Ro, an online mail-order health company that employs remote consultations, is diving into the weight management space with the launch of a new drug offering aimed at helping patients shed the pounds.
Ro, best-known for its online platform that specializes in men’s health, is now going to be offering Plenity, an FDA-cleared weight management product. The new offering was born out of a partnership between Ro and pharma company Gelesis, which makes the medication. According to the pair, Plenity helps users lose on average 22 pounds and about 10% of their body weight.
“We recognized and saw that in our current patient population, [excess weight] was an underlying cause to some of the conditions they originally came in for. We saw [we] could help them get at the root cause of their health challenges,” Zachariah Reitano, CEO and cofounder of Ro, told MobiHealthNews. “There are 150 million people in the US with a BMI between 25 and 40… a lot of them are unable to access care.”
Like Ro’s other offerings, patients interested in the medication will be assessed through a telemedicine consultation with one of the company’s physicians. If appropriate, one of Ro’s doctors can prescribe Plenity. The service will be offered on both Roman, Ro’s platform for men’s health, and Rory, the company’s platform for female health.
The aim of the drug is to increase a user’s feeling of fullness. Users take three capsules before lunch and three more dinner. After taking the capsules users are instructed to drink 16 ounces of water and then wait 20 minutes before having their next meal.
“One of the biggest challenge with trying to lose weight is deprivation, feeling hungry like you aren’t getting what foods your body needs and what Plenity does is it helps what you do work better. It is in addition to diet and exercise,” David Pass, head of commercial and COO of Gelesis, told MobiHealthNews. “It really helps the patient lose more weight than they would otherwise on their own.”
The drug is targeted at adults who have a body mass index of 25 to 40, which means its cleared for those who are overweight (BMI of 25 to 29) and most patients with obesity (BMI 30.0 and higher).
“Previously there really were no products at the lower end [for patients with a BMI] from 25 to 27, which is just mildly overweight, and then up to 30 they were really limited to patients having common risk factors,” Pass said. “So this meets a high unmet need.”
Reitano said this new offering fulfills the company’s aim to provide broader suite of services, and also to bring pharma treatments to market sooner.
“I think the reason why we are really excited is it is an opportunity for us to add more products and services that are more analogous to what someone would receive if they were visiting their primary care office,” Reitano said. “Second thing was seeing pharma companies excited about this additional element of distribution to increase access to new treatments faster.”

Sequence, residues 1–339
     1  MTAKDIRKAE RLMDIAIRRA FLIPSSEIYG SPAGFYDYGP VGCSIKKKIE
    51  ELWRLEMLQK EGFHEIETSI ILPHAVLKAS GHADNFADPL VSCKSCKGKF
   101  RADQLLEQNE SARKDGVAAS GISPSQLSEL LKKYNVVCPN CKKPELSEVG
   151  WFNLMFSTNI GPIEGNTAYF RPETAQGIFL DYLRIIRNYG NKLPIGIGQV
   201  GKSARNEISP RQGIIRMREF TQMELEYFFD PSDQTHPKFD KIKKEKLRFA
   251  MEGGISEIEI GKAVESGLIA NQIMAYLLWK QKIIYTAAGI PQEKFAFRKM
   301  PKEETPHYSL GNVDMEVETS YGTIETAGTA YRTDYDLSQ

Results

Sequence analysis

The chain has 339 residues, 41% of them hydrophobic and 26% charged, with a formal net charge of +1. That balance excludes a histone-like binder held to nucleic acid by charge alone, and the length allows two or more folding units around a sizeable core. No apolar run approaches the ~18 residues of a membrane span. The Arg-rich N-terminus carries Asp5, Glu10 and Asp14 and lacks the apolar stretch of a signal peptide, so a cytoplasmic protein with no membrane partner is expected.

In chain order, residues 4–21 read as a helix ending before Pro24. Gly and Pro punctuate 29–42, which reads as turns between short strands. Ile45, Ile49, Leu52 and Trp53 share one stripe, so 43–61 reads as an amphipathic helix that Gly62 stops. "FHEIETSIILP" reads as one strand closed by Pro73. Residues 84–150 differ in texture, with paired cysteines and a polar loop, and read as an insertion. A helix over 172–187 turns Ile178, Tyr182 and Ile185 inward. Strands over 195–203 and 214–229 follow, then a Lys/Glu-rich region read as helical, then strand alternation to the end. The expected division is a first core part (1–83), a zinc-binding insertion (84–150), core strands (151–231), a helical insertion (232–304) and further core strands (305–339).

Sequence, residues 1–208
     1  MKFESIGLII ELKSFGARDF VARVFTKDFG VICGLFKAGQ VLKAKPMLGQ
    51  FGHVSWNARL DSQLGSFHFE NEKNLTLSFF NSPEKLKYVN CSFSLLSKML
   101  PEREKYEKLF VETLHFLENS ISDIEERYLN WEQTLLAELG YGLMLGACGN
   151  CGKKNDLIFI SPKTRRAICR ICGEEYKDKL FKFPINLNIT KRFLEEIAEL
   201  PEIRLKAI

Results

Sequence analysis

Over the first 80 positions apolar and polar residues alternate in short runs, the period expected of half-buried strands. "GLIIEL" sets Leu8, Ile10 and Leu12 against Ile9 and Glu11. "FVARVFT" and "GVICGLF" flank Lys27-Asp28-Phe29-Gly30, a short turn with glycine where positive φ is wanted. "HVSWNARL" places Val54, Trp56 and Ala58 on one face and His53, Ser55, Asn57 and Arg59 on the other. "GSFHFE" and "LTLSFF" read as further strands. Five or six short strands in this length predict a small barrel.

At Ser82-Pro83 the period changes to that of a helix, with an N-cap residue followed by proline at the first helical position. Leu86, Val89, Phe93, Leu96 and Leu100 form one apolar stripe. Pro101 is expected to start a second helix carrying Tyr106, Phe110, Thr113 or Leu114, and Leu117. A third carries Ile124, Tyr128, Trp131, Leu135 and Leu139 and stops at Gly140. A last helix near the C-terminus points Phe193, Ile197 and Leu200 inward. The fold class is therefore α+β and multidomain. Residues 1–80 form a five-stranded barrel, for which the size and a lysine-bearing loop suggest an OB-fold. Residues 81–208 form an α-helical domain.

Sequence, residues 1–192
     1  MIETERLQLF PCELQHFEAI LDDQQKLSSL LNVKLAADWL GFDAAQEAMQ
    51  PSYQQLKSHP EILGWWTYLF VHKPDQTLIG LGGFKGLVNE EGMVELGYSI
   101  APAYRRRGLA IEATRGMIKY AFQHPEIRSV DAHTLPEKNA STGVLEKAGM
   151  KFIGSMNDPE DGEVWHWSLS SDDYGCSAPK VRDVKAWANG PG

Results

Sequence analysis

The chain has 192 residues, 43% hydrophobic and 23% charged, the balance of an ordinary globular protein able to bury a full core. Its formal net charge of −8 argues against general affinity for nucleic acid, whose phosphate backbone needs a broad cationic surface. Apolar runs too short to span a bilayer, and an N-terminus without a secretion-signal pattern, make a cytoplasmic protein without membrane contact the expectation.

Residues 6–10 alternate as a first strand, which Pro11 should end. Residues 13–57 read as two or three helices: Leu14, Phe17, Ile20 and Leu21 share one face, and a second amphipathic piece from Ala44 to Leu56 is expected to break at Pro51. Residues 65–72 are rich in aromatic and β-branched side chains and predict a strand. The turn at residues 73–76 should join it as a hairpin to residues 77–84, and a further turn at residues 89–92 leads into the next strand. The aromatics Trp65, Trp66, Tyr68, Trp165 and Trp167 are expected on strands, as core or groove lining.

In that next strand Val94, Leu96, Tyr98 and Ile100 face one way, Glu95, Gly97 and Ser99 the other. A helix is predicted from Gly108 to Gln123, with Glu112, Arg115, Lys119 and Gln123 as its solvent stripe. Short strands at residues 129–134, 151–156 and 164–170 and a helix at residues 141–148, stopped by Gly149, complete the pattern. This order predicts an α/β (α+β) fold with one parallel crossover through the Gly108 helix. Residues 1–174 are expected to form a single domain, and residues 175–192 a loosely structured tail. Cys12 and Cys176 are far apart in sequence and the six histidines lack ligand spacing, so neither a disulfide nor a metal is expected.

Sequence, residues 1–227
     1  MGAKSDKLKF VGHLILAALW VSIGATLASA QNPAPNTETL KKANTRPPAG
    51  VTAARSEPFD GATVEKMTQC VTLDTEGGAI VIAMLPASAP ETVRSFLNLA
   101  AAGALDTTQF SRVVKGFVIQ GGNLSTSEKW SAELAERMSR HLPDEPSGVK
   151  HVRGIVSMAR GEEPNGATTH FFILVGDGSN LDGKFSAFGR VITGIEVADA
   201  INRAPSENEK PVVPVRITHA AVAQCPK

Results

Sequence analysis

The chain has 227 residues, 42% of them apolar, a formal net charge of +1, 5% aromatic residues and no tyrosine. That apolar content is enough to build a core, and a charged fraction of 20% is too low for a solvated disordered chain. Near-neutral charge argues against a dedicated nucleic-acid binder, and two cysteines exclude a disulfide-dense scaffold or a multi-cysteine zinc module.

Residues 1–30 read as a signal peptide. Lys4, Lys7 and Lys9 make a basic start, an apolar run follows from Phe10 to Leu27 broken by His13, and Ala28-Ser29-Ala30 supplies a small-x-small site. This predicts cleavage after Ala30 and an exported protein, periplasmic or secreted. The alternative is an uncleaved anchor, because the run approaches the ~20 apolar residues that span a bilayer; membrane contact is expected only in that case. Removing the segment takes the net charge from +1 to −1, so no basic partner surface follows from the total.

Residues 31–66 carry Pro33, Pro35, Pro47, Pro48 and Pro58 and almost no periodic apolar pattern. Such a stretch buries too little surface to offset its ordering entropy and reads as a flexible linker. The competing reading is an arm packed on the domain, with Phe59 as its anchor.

The new service is slated for sometime in 2020, although interested consumers can register for updates prior to the launch.
WHY IT MATTERS
According to the CDC, 71.6% of US adults over the age of 20 are overweight or obese. Obesity can put patients at risk for certain conditions including heart disease, stroke, Type 2 diabetes and certain types of cancers, according to the agency.
Ro is pitching this new offering as a way to help people access medication.
THE LARGER TREND
Ro got its start specializing in men’s sexual health and wellness. Since then it has launched Rory, a platform for women experiencing menopause. The company has also dipped into smoking cessation, with its platform Zero, which uses a prescription nicotine replacement therapy and behavioral app. The company is also particularly well funded. In 2018 it landed $85 million to work on Zero.
However, it hasn’t been completely without controversy. Ro and its main competitor Hims, which also works in in the online mail-order sexual health space, came under fire when a New York Times article examined the company’s prescribing practices. The article points out that the clients come to the platforms with a “self-diagnosis” and don’t need to see a doctor in person.
ON THE RECORD
“Our goal is simple: create multiple options for consumers to access a healthcare professional wherever they feel most comfortable,” Pass said in an email to MobiHealthNews. “Whether it is their own physician/weight loss specialist’s office or remotely through the Ro platform, easy access for a stigmatized condition like excess weight is critical. As a pharmacist, and someone who has struggled with weight, hearing from over 2,000 consumers in market research who are overweight or have obesity, I know it can be tough to feel comfortable asking how and where to get help. Increased access to weight loss approaches will enable better outcomes.”